Classroom and community voices. This comes from Liz Kleinrock, who is an elementary school teacher in California. Liz says, "My school recently started administering the English language proficiency assessments for California. In California, it's mandated that emerging bilingual or EB students receive 30 minutes of direct language instruction per day, so my school created academic clubs. The purpose of these clubs is to ensure that EB students are not pulled out of their classroom. We don't want them to miss out on activities that other students get to participate in. Every day for 30 minutes, we mix students across grades and classes for enrichment based academics that target specific needs. We group EB students based on their state assessment scores. For example, I currently teach a level three EB club through the lens of oral storytelling and use a curriculum provided by a popular storytelling podcast alongside English language assessment standards and guided by state assessment data."

Recent developments. Depending on how you look at it, a trio of legal developments have either A, given schools a lot more breathing room to educate ELs as they see fit, or B, undermine the principle articulated in Lau that ELs must be afforded an equal and meaningful education. Number one, in 2001 in Alexander versus Sandoval, the Supreme Court held that individuals no longer have the right to sue under Title VI of the Civil Rights Act, as was the case in Lau, for actions that had the effect of harming English learners or other students on the basis of race or national origin, but do not amount to intentional discrimination. Much of the basis for the Lau decision was not that school officials intended to harm English learners, but that the effect or impact of its policies and practices caused harm. Federal agencies, however, still have the ability to enforce Title VI against schools for actions that have a discriminatory effect or impact.

Number two, in 2009 in Horne versus Flores, the Supreme Court held that under the Equal Educational Opportunities Act enacted by Congress in 1974, "appropriate action by school districts does not necessarily require any particular level of funding for EL services or instruction, and that states and school districts should be given latitude as to whether they are taking appropriate action with respect to EL services and instruction".

Number three. In 2015, the Every Student Succeeds Act or ESSA, which replaced the No Child Left Behind Act or NCLB, was enacted by Congress. ESSA provides grants to states and districts for EL programs. It also requires states and districts to assess the progress of English learners in English language proficiency as well as in math, reading, and science. However, states and districts have much more autonomy under ESSA than under NCLB as to how or when to impose reforms when ELs fail to make academic progress in particular schools.

Getting more information. Here's a list of national level organizations that provide more in-depth information or further resources on educating English learners. This list is not exhaustive. You may also wish to look up state and local resources, including resources offered by your own school district. Colorin Colorado at colorin, spelled C-O-L-O-R-I-N, colorado.org. The Migration Policy institute at migrationpolicy.org. The National Association for Bilingual Education at nabe.org. The National Clearinghouse for English Language Acquisition at ncela.ed.gov. The US Department of Education at ed.gov. This website has several resources such as the English Learner Toolkit, Civil Rights Obligations to English Learner Students, and the ESSA Guidance on English Learners and Title III Programs.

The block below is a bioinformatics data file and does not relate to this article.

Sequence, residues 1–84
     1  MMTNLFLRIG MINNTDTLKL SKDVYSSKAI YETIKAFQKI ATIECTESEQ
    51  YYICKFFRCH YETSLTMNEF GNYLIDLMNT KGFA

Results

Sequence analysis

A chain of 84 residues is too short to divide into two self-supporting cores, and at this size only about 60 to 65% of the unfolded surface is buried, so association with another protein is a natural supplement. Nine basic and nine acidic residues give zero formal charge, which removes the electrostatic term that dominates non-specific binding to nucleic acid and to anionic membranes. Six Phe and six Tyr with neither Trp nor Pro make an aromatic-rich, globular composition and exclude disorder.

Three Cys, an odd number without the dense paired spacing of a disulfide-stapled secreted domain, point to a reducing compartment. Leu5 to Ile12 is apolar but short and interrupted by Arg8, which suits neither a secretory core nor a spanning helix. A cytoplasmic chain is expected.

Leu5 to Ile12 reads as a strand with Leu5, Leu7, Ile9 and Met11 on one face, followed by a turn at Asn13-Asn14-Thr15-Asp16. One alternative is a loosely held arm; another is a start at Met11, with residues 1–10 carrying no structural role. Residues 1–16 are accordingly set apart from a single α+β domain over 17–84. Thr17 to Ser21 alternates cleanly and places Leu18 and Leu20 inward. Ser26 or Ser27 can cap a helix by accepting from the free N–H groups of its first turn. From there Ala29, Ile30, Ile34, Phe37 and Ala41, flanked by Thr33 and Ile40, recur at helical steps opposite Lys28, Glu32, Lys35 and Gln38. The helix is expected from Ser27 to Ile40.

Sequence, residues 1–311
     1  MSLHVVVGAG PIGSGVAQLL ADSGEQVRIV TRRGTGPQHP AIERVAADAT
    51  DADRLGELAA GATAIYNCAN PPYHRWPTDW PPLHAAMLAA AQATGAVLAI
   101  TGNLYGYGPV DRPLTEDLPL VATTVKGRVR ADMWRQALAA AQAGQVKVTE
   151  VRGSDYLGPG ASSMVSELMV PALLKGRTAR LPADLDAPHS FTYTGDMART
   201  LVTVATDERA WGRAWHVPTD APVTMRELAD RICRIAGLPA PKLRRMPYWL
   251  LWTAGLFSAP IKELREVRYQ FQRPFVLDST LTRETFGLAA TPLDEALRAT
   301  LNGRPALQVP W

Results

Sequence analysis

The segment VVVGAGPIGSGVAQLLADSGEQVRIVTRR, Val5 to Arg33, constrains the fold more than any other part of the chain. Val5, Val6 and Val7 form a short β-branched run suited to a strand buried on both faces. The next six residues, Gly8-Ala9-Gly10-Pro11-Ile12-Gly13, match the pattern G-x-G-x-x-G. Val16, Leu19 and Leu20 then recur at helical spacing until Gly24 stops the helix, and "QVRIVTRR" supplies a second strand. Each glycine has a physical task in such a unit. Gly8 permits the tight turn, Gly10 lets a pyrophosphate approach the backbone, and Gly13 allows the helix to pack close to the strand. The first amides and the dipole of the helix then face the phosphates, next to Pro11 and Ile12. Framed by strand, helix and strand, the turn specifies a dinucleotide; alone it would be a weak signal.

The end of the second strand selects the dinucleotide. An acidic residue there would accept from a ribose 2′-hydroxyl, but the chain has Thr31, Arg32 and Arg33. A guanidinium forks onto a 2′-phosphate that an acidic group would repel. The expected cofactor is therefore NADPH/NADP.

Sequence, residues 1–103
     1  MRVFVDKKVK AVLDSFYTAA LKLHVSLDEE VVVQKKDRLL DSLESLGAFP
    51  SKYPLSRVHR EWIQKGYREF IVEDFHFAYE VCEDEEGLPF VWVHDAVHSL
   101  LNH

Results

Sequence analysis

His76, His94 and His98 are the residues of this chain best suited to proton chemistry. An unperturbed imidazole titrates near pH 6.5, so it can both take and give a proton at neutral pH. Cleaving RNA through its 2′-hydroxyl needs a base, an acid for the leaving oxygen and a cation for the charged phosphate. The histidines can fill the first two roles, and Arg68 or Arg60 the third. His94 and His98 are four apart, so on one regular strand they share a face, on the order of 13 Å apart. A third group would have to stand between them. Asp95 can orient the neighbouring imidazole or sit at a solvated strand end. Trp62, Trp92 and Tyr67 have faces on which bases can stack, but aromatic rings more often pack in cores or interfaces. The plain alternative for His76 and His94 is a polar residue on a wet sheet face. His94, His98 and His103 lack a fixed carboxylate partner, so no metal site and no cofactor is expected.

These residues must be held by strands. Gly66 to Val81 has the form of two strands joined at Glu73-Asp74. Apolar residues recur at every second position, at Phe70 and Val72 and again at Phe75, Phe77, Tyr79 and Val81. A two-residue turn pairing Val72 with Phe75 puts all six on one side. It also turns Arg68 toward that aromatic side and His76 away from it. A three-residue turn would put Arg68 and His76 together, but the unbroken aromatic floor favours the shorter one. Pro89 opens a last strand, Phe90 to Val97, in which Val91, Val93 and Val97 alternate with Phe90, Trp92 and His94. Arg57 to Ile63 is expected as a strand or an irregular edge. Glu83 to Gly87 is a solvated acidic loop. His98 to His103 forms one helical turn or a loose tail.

Reflecting on our history steadies our compass. As Bob quotes from Ken Kinney Lau, "People risk so much to come here. I think they should be able to retain their language and their culture." If you'd like to hear more from Bob's book, you can stream or download his audiobook wherever you get your audiobooks. Thanks for listening, and let us know what you'd like to learn more about in our time together. You can also learn more about Heinemann's audiobooks at heinemann.com/audiobooks.



Robert (Bob) Kim is a leading expert in education law and policy in the United States.

A former civil rights attorney, Bob is the co-author of Education and the Law, 5thed. and Legal Issues in Education: Rights and Responsibilities in U.S. Public Schools Today (West Academic Publishing, 2019 & 2017). He also wrote Let’s Get Real: Lessons and Activities to Address Name-calling & Bullying (Groundspark, 2004) and has advised thousands of educators on civil rights and school climate issues in public schools.

Bob currently serves as an education adviser and consultant on civil rights and equity issues. Through 2019, he was the William T. Grant Distinguished Fellow at Rutgers University, where he conducted research on school finance and education equity in U.S. public schools. 

From 2011 through 2016, he served in the Obama Administration as Deputy Assistant Secretary in the U.S. Department of Education Office for Civil Rights, which enforces federal civil rights laws in K-12 and postsecondary institutions nationwide. 

He has also served as a senior policy analyst at the National Education Association, where he advised school personnel on human and civil rights issues and worked to replace the No Child Left Behind Act. 

Earlier in his career, as a staff attorney at the American Civil Liberties Union of Northern California, Bob engaged in litigation and advocacy pertaining to race, criminal and juvenile justice, bullying and harassment, LGBT rights, and student rights.

Bob holds a BA from Williams College and an JD from Boston College Law School. 

You can find Bob on Twitter @bob__kim

Topics: Podcast, Heinemann Podcast, Elevating Equity and Justice, Robert Kim, commute

Date Published: 10/10/23